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November 22, 2009

Reviews by Christopher Knight (C.K.) and Leah Ollman (L.O.). Compiled by Grace Krilanovich.

Critics' Choices

William Powhida: No One Here Gets Out Alive The artist's savagely funny work takes the form of drawing, painting, film and installation, but it is essentially an all-embracing performance, one that sustains pitch-perfect tone throughout. Powhida has made himself a character in an ongoing parody of the life of an aspiring artist. In his fabulous trompe l'oeil paintings of lists and letters (updated variants on the social satire of Daumier and Hogarth), Powhida riffs brilliantly, anxiously, on the contemporary art world (L.O.). Charlie James Gallery, 975 Chung King Road, L.A. Noon-6 p.m., Wed.-Sun.; ends Dec. 5. (213) 687-0844.


Lorser Feitelson: The Late Paintings In graphic design, the colloquial term for lines that come together and just barely (or don't quite) touch is "to kiss." Lorser Feitelson's sensuous abstract curves likewise possess an inescapably titillating charge. Some paintings (although none in this show) harness distinctive color juxtapositions, such as red and green or orange and blue, to create an optical spark. Two small works -- many of the rest are 5 feet square -- from 1976 even fuse shapes that are phallic and vulval. But the sparks set off in Feitelson's abstractions are also reminiscent of more generalized ideas of creation, like the one implied between the nearly touching fingers of God and Adam in Michelangelo's Sistine Chapel (C.K.). Louis Stern Fine Arts, 9002 Melrose Ave., L.A. Tue.-Fri., 10 a.m.-6 p.m.; Sat., 11 a.m.-5 p.m.; ends Dec. 12. (310) 276-0147.

Alexander Gorlizki: Soft Succulent Sublime Gorlizki's paintings on paper dazzle the eye and tickle the mind. They are intricate beyond comprehension, their filament-thin lines congregating in dense, patterned fields. The works, most roughly the size of a sheet of notebook paper, spring from the traditions of Indian miniatures and manuscript illumination, with some pop art and op art flourishes, as well as a bit of surrealism for subversive effect (L.O.). Daniel Weinberg Gallery, 6148 Wilshire Blvd., L.A. Tue.-Sat., 10:30 a.m.-5:30 p.m.; ends Dec. 19. (323) 954-8425.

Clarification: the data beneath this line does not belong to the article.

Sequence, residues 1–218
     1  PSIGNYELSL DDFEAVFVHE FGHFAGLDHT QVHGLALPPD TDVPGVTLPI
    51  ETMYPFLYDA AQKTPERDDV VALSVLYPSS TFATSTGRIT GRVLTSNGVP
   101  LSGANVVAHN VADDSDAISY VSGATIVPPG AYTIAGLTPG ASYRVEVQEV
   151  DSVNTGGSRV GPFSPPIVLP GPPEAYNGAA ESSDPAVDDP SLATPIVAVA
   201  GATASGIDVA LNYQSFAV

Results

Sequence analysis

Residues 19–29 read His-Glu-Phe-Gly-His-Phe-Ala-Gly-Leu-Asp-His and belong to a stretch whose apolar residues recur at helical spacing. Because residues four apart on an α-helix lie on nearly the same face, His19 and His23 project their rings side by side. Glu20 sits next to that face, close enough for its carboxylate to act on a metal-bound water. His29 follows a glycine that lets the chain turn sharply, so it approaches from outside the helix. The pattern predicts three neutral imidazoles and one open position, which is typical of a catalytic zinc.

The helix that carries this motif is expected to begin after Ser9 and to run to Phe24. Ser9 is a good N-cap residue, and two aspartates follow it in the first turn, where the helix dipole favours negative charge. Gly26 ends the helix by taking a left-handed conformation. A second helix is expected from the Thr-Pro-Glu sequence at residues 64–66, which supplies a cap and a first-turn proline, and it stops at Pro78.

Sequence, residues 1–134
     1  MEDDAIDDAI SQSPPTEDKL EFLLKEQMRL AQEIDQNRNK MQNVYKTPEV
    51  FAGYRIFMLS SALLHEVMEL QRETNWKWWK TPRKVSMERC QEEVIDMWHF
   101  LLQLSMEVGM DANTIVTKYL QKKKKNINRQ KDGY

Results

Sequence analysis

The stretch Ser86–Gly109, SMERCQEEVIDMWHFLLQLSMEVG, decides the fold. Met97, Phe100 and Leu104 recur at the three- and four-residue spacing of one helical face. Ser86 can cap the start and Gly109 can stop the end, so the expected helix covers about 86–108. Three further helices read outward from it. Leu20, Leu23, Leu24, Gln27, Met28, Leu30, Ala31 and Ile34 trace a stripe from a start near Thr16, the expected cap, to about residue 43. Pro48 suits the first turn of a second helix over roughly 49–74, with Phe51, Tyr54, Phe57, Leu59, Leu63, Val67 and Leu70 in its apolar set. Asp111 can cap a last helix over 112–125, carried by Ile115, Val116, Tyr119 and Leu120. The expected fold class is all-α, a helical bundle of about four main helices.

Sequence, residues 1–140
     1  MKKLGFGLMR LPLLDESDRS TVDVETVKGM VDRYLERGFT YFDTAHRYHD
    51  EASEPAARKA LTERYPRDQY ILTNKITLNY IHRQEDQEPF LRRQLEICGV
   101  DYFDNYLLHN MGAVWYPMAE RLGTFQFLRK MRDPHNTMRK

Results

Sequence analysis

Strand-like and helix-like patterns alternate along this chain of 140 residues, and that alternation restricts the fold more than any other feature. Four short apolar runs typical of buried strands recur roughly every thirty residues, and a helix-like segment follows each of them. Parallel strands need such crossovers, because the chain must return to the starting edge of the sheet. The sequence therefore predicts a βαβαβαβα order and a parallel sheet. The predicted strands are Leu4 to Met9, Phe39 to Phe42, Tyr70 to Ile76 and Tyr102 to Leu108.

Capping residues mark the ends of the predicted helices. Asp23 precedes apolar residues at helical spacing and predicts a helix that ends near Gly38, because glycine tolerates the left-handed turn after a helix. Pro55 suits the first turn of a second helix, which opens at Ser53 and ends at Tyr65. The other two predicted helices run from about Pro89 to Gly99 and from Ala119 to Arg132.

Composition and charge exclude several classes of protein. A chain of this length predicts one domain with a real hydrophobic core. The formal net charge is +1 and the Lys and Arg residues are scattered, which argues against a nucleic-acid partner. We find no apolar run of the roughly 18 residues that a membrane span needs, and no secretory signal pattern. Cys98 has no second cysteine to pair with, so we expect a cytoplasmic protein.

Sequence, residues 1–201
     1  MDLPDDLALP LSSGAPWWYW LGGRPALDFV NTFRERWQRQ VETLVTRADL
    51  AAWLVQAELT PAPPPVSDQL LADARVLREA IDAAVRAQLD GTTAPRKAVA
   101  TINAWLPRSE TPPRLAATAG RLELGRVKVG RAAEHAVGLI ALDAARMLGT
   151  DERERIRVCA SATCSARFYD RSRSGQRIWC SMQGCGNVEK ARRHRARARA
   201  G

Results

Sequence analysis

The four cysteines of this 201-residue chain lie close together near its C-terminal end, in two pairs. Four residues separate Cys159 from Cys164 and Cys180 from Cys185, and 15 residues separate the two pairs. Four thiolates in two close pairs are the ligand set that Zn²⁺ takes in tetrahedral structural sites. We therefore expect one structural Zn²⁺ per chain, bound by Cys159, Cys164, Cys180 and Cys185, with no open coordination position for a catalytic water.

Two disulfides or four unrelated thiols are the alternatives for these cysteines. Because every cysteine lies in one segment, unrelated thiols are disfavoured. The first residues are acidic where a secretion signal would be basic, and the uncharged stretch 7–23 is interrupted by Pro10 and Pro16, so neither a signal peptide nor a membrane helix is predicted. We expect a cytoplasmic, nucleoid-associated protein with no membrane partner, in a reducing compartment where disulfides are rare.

Frank Paulin: Color photographs Paulin's first L.A. show here in 2005 introduced a fine, little-known street photographer equipped with both the poetic instincts and quick reflexes required of the genre. Now the gallery unveils another facet of Paulin's talent: color. The vibrant, montage-like street scenes here, layered assemblages of motion, reflection and signage, were shot a half-century ago but never printed until this year. Like time capsules newly unearthed, the pictures conjure the rhythms, textures and tones of a period long since past (L.O.). Duncan Miller Gallery, 10959 Venice Blvd., L.A. Thu.-Sat., 11 a.m.-6 p.m.; ends Dec. 5. (310) 838-2440.

Group Show: Installations Inside/Out To celebrate its 20th anniversary, the Armory has invited 20 artists with whom it has worked in the past to create site-specific art and installations for a new exhibition. Some works are temporal or located elsewhere in Pasadena. Most are in the gallery -- a show that's mixed. The two knockouts are Pae White's gorgeous pair of enormous woven tapestries. One creates the illusion of a vast, light-reflective piece of crumpled Mylar, the other a limpid swirl of drifting cigarette fumes. Together they form a marvelous bit of "smoke and mirrors" (C.K.). Armory Center for the Arts, 145 N. Raymond Ave., Pasadena. Tue.-Sun., noon-5 p.m.; ends Dec. 31. (626) 792-5101.

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